“Sev­enth-grad­er Tony Gilbert isn’t thrilled when his weirdo uncle Char­lie moves in with them, but Char­lie turns out to be a fun old guy, and when he dies, Tony feels like he has lost his best friend. Short­ly after, in accor­dance with Charlie’s wish­es, the fam­i­ly moves to San Fran­cis­co so Tony can attend his uncle’s alma mater, the Pen­da School—which turns out to be weird­er than Char­lie. There’s a strange boy, seem­ing­ly unno­ticed by any­one but Tony; a mag­net­ic but mys­te­ri­ous girl who wants him in her cir­cle; and almost every oth­er per­son Tony meets, adult or child, seems odd, scared, or both. Though the secret of Pen­da School is pre­dictable, when it comes to who is ene­my and who is friend, read­ers will feel as off-bal­ance as Tony. His tight, inter­nal nar­ra­tive adds to the neat­ly claus­tro­pho­bic feel­ing of the sto­ry. The demon­ic plans unrav­el to a drawn-out end­ing that nev­er­the­less will leave more than a few hearts pound­ing. Give this to read­ers who like an old-fash­ioned ghost sto­ry with a con­tem­po­rary twist.” (Ilene Coop­er, Booklist)

In order to ful­fill his dead great-uncle’s wish, sev­enth-grad­er Tony begins attend­ing the spooky, ram­bling, and pos­si­bly haunt­ed Pen­da School. Class­mate Jes­si­ca reach­es out to him, per­haps offer­ing friend­ship, but he’s aware that she’s a strange, unpop­u­lar girl (and seems to look a lot like Mor­ti­cia from her descrip­tion). The more peo­ple warn him to avoid her, how­ev­er, the more deter­mined he becomes to remain her friend. He keeps see­ing the ghosts of both his uncle and a boy who died over 100 years ago, the son of the school’s founder, even though he’s pret­ty sure he does­n’t believe in ghosts. Worse yet, the boy seems des­per­ate to make real con­tact with him, but Jes­si­ca warns him that the ghost wants to cap­ture his soul. Although Tony’s nar­ra­tion can sound more autho­r­i­al than like the voice of a 12-year-old, this atmos­pher­ic tale has plen­ty of creepi­ness to pro­pel it, some­times at a breath­tak­ing pace. As it becomes clear that Jes­si­ca can­not be trust­ed, Tony also real­izes that she might be just one of mul­ti­ple threats, mak­ing him—and readers—doubt every­one. Hair-rais­ing chas­es through dark, men­ac­ing secret pas­sage­ways with the not-quite-dead at Tony’s heels com­bine with an effec­tive min­gling of gen­uine school angst and the more spec­tral vari­ety to cre­ate a scary, sus­pense­ful, and chill­ing­ly immer­sive expe­ri­ence. The jack­et illus­tra­tion paints Tony as white. Don’t read this one in a dark and haunt­ed school.” (Kirkus Reviews)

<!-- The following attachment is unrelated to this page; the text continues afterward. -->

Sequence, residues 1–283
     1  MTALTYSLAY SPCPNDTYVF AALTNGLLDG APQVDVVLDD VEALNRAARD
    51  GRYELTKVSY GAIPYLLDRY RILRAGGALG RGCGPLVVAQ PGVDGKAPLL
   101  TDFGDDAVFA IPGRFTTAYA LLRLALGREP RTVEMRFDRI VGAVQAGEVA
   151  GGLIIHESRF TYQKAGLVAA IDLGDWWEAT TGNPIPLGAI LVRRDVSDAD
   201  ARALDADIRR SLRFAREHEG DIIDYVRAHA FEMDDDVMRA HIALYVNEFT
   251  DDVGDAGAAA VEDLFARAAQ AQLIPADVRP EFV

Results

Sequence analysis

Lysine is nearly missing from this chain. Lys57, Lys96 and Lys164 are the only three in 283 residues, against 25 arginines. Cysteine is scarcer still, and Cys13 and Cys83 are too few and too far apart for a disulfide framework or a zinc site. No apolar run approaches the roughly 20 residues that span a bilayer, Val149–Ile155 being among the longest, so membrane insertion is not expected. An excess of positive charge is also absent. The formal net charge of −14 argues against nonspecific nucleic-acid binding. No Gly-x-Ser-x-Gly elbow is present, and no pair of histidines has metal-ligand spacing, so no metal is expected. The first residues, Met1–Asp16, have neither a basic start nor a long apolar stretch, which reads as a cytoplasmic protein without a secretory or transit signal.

“Holy gua­camole, I don’t care how old you are, School of the Dead will have you hooked. I was not pre­pared for how intense this book was. I thought I knew what to expect from Avi, but I was wrong, I did not expect this. To me, the best part of the book is that, like the main char­ac­ter Tony, you don’t real­ly know who is telling the truth. In this case, trust­ing the wrong peo­ple could prove dead­ly.” (Jen, blog­ging at A Bookworm’s Jour­ney)